The submarine USS Thunderfish successfully completes a secret mission to rescue a group of orphans on a remote Pacific island. On the way back to Honolulu they encounter a Japanese aircraft carrier but the torpedoes they fire explode about halfway to the target, a recurring problem that has plagued the submarine fleet for some time. The Thunderfish's XO, Duke Gifford runs into his ex-wife and Navy nurse Mary Stuart at the hospital. There's still a spark between them but the boat is sent out on another mission before anything is resolved. When Gifford's good friend and captain, Pop Perry, is killed Gifford believe it's his fault. A inquiry clears him and after he and his men solve the problem of the misfiring torpedoes, they set out to sea. Written by
He's Skipper "Duke" Gifford Who Could Put A Torpedo Through A Needle...And Sew Up A Date With A Laugh!
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Did You Know?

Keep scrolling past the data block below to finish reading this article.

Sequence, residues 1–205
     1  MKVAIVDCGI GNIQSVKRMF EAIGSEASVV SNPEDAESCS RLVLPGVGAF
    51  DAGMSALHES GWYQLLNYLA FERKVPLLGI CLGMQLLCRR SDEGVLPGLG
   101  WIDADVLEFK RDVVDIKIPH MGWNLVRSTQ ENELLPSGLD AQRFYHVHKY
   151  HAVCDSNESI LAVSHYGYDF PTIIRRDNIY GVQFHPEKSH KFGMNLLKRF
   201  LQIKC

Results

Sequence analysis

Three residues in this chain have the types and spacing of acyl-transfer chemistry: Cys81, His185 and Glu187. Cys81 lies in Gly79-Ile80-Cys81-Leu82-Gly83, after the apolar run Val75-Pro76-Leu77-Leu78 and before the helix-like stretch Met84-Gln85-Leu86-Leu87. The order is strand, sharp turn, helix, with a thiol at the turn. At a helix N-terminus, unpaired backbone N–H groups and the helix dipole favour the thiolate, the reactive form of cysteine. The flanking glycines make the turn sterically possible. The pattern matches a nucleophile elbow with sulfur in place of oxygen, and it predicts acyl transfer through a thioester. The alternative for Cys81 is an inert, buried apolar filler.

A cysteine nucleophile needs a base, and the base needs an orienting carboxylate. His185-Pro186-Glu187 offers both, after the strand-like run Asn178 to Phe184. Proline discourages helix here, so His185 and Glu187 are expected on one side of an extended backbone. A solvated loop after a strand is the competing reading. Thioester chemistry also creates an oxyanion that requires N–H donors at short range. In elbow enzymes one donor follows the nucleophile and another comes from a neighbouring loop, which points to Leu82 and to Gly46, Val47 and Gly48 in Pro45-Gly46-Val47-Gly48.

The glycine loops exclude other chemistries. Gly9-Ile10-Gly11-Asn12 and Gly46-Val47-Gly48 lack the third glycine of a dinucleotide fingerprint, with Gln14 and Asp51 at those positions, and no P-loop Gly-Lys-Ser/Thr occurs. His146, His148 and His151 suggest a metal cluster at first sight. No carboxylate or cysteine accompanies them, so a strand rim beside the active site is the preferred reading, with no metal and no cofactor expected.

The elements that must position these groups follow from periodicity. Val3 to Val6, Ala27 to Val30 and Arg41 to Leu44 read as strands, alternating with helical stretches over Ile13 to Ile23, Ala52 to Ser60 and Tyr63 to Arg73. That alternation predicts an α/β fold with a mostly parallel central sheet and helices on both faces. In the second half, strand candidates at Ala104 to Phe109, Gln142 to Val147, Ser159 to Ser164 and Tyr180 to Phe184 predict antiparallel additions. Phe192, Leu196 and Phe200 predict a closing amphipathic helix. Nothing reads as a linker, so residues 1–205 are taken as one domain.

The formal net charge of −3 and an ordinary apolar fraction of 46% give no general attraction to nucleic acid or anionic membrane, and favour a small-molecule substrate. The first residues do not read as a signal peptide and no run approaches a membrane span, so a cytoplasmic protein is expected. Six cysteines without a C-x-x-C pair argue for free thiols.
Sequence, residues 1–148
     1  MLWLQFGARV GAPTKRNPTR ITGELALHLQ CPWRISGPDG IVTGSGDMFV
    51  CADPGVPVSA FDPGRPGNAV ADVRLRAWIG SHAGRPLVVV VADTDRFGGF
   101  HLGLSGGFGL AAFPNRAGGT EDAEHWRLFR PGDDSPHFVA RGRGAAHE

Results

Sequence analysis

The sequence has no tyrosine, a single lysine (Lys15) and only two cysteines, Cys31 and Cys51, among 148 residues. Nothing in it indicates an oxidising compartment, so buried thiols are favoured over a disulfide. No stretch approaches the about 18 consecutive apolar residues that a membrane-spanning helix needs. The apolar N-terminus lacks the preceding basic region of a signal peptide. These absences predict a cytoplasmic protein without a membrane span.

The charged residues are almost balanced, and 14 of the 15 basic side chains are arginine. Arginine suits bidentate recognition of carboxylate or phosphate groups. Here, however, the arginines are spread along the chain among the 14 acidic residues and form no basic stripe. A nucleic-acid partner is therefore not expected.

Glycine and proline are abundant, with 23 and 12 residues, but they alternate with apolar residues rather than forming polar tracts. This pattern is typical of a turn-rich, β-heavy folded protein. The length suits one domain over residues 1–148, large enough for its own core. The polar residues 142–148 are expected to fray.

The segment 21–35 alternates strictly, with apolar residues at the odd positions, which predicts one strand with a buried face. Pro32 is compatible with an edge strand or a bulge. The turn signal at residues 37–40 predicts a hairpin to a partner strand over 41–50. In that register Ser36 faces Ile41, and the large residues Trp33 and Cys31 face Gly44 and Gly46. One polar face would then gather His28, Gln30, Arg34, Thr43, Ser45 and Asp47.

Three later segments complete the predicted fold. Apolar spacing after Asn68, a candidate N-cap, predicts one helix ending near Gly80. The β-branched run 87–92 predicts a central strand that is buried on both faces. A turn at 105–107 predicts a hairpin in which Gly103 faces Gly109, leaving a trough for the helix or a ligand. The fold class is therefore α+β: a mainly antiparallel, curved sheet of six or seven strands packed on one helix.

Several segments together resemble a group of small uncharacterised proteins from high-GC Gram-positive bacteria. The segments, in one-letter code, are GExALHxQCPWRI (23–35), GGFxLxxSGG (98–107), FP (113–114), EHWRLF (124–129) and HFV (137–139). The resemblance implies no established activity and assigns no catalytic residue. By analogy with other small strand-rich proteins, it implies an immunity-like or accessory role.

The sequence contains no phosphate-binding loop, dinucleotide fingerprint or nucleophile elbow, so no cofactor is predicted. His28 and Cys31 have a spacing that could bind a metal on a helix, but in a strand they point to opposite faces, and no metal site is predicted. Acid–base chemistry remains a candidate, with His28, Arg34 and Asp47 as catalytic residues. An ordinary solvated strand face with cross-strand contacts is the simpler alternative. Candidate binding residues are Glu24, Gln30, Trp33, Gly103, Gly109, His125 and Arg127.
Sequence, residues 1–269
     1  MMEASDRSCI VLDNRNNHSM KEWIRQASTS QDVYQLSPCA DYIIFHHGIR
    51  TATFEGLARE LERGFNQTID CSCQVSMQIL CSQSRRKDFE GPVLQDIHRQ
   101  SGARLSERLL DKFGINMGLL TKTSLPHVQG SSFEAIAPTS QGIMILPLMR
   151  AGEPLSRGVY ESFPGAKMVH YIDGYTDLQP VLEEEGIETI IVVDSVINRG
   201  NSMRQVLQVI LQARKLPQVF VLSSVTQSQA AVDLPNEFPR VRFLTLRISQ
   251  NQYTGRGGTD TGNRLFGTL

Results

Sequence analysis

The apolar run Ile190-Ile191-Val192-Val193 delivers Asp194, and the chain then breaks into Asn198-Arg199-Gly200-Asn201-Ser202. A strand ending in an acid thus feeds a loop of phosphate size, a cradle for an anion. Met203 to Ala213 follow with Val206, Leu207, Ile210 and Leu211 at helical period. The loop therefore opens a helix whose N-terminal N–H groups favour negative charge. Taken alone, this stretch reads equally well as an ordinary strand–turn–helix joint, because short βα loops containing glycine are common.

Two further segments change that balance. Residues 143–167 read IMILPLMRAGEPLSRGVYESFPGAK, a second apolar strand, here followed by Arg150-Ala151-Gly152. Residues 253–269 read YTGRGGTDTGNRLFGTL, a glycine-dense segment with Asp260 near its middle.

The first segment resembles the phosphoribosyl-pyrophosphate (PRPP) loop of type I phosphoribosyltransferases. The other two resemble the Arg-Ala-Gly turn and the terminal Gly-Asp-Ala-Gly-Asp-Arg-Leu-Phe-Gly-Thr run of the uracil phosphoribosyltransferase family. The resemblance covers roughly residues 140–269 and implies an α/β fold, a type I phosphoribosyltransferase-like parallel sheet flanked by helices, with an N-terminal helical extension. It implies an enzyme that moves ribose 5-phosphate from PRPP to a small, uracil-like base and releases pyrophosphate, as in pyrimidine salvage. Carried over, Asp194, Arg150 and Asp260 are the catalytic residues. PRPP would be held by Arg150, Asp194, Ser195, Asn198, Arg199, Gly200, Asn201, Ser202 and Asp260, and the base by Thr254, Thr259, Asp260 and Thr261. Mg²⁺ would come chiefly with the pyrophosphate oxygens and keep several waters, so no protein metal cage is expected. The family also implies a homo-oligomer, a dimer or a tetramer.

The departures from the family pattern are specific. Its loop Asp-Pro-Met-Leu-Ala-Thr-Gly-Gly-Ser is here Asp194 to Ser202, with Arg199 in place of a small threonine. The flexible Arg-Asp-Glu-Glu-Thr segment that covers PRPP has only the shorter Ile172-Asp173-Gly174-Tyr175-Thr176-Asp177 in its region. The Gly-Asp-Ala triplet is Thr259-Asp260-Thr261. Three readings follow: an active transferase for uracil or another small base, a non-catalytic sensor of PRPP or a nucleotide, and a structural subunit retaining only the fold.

and Patricia Neal
did not get along during filming. She was particularly annoyed by his treatment of a gay publicity man. Nearly fourteen years later, however, they worked together on In Harm's Way
(1965) where she noted that he had mellowed a lot, possibly because he was seriously ill with lung cancer at the time. See more
The film is careful to point out that the Thunderfish's first arrival at Pearl Harbor was in 1942 but John Wayne, Ward Bond, Philip Carey, and others all wear ribbons that were not instituted until very late 1942 and not actually implemented until 1943 (Presidential Unit Citation, Pacific Campaign Ribbon, others). Ribbons were also displayed out of order, incomplete, and otherwise improperly displayed. See more
Gee, that's the first time I ever saw a sub get knocked off.
In keeping with the submarine theme of the film: at the very start, we see a submarine periscope break the surface of the sea, then we see an officer looking into the view-port of the periscope, then we see the opening credits appear, as if being viewed through a periscope. See more
We Watch the Skyways
Music by Max Steiner
Played during the opening credits and often throughout the picture See more